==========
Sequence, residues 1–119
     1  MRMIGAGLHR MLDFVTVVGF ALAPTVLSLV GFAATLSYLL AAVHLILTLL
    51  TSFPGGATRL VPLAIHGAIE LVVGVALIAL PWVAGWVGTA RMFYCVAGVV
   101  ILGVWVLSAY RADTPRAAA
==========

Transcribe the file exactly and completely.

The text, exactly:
Sequence, residues 1–119
     1  MRMIGAGLHR MLDFVTVVGF ALAPTVLSLV GFAATLSYLL AAVHLILTLL
    51  TSFPGGATRL VPLAIHGAIE LVVGVALIAL PWVAGWVGTA RMFYCVAGVV
   101  ILGVWVLSAY RADTPRAAA